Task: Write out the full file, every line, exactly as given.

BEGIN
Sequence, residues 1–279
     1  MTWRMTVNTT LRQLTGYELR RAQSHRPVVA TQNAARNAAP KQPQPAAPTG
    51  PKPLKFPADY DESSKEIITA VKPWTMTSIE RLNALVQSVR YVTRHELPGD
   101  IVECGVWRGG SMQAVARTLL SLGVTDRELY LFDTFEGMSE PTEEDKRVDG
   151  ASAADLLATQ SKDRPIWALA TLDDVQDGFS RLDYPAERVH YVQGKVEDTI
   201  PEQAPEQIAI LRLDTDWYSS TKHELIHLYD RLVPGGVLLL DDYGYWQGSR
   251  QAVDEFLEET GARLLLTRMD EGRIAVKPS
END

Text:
Sequence, residues 1–279
     1  MTWRMTVNTT LRQLTGYELR RAQSHRPVVA TQNAARNAAP KQPQPAAPTG
    51  PKPLKFPADY DESSKEIITA VKPWTMTSIE RLNALVQSVR YVTRHELPGD
   101  IVECGVWRGG SMQAVARTLL SLGVTDRELY LFDTFEGMSE PTEEDKRVDG
   151  ASAADLLATQ SKDRPIWALA TLDDVQDGFS RLDYPAERVH YVQGKVEDTI
   201  PEQAPEQIAI LRLDTDWYSS TKHELIHLYD RLVPGGVLLL DDYGYWQGSR
   251  QAVDEFLEET GARLLLTRMD EGRIAVKPS